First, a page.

HiRoy

Received a letter from a legal firm

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Hi.

I received a letter from a firm representing "their client" who states I owe $28,000 plus interest totaling $35,000 and change. The last time a payment was made was Sept of 2011.

With their generic form letter was a form for fee arbitration.

The form letter also said they have the right to pursue all legal remedies to their client, "including attachment of the above asset and forced sale, if necessary."

There isn't an asset.

I don't understand what they're referring to?

Is that grounds for dismissal? The letter obviously being used improperly?

Thank you.

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Your leaving to many details out that no one could give you any sort of useful information that would help you. You've been here before...answer the 20 questions pinned at the top of the forum.

Also, did you have a debt anywhere near that much? Who was it with if so. If not who does the letter say their client is?

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The debt was for $28,000 with a fam law firm. The last payment nearly 4 yrs ago. The collection agency tacked on the additional interest of $7000+. The CA is DYNAMIC LEGAL FIRM. The letter says "our client"; so I'm guessing they've hired them as opposed to have sold the debt?

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So did you owe a lawyer money for legal fees? By the sound of your original post. You act as though you have no idea what the debt is about, but it now appears you may?

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Smells like an FDCPA violation to me. Talk to a consumer protection attorney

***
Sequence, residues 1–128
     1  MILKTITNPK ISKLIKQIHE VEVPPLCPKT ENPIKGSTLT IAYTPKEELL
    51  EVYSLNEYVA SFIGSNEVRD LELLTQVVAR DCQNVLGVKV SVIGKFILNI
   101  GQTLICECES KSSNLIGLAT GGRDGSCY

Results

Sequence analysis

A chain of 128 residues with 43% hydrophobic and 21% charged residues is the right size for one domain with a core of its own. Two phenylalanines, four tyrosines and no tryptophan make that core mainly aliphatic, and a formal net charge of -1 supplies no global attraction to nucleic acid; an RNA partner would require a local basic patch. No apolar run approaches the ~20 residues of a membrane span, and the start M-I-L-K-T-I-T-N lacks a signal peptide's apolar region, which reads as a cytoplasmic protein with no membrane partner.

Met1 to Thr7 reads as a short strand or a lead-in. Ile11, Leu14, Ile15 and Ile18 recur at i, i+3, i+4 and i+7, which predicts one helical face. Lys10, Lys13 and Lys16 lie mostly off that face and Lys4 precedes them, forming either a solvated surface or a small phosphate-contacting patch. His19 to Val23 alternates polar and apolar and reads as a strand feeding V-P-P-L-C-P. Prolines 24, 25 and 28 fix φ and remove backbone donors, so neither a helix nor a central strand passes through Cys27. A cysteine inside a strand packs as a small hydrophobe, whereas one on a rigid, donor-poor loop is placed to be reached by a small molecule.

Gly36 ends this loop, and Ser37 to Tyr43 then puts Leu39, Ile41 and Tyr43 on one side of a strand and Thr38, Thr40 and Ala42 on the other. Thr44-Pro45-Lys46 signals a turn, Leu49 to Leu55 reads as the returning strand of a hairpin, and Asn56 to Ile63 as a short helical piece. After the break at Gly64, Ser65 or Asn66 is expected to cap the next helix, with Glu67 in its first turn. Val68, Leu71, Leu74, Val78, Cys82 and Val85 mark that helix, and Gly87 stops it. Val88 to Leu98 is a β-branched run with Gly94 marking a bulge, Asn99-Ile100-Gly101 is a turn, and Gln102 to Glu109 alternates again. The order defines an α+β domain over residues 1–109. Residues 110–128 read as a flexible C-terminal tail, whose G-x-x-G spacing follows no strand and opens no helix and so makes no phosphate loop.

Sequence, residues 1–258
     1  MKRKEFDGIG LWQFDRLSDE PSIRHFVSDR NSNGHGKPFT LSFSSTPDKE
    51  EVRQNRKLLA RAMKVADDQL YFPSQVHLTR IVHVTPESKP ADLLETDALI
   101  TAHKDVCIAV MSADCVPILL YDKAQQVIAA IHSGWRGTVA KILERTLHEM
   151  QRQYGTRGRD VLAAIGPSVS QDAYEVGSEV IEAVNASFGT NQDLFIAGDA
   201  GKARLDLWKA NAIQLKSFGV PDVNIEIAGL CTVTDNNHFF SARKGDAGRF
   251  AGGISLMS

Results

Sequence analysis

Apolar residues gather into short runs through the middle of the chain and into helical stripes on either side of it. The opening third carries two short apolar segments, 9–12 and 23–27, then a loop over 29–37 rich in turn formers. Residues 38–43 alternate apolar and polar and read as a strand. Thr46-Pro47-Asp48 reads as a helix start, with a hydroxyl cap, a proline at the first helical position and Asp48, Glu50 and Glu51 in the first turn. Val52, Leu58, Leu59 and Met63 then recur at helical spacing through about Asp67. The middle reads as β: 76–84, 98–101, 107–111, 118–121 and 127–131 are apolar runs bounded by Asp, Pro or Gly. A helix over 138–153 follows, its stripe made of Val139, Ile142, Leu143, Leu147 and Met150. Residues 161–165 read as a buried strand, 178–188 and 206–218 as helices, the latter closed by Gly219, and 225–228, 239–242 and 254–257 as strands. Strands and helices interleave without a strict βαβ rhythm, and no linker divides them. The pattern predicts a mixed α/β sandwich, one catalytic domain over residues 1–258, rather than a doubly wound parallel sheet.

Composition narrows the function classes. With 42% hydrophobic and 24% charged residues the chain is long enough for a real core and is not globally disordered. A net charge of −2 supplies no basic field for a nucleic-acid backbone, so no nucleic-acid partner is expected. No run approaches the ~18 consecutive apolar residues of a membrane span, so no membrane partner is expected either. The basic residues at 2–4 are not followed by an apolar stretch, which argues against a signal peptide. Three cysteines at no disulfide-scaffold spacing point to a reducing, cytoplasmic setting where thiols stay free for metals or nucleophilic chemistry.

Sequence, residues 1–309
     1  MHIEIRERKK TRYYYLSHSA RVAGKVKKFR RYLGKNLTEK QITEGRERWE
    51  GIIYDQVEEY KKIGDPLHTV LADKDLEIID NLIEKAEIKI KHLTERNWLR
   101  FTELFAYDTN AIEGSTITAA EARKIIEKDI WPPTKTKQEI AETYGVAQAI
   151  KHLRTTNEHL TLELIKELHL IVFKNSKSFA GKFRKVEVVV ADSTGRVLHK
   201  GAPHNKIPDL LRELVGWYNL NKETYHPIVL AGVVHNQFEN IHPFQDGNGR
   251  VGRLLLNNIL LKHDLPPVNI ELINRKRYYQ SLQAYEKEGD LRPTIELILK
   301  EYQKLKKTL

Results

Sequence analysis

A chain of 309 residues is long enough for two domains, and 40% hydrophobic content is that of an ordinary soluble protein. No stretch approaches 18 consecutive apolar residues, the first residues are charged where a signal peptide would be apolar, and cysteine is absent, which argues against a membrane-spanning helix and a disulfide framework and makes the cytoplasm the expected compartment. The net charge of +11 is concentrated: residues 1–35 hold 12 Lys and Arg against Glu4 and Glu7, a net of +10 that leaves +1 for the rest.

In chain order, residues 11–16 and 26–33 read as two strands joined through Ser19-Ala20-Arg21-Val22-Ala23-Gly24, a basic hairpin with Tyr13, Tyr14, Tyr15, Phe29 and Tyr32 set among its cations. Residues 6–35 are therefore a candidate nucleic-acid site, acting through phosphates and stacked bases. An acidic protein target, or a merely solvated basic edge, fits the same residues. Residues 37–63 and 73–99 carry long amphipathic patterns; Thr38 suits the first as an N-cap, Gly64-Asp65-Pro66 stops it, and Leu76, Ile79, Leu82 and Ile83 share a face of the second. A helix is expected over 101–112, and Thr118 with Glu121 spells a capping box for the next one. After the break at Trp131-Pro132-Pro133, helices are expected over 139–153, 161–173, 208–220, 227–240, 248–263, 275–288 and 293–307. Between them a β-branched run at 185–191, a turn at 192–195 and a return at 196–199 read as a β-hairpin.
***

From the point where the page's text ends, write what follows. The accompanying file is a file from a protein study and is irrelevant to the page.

@Trapezius

 

FDCPA does not apply to original creditors even if they are a law firm.  The OP contracted with a lawyer for representation then didn't pay the bill.  The firm still wants to be paid.  That isn't a FDCPA violation to attempt to collect their fees they are owed.

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It's not an FDCPA violation to attempt to collect their fees, but if the law firm attempting to collect is a debt collector then they are bound to much of the FDCPA rules however.

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@Trapezius

 

FDCPA does not apply to original creditors even if they are a law firm.  The OP contracted with a lawyer for representation then didn't pay the bill.  The firm still wants to be paid.  That isn't a FDCPA violation to attempt to collect their fees they are owed.

 

The FDCPA applies to the law firm who sent the collection letter, which is a CA that the OC law firm sent the account to.  That is what I make of the OPs post.  However, there are other interesting incomplete details ... such as the second letter address to another person and the fact that the collection letter mentions attachment.  Is the alleged debt only for attorney fees, or does some of it represent something such as child support payments or court fees?  They may not need a judgement to attach or garnish for those items.

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And are they entitled to 7k in interest by any terms.

Also, they are making claims they will take assets when they don't have a judgment and failed to list the asset like the letter claimed.

They also should have identified themselves as debt collectors if they didn't.

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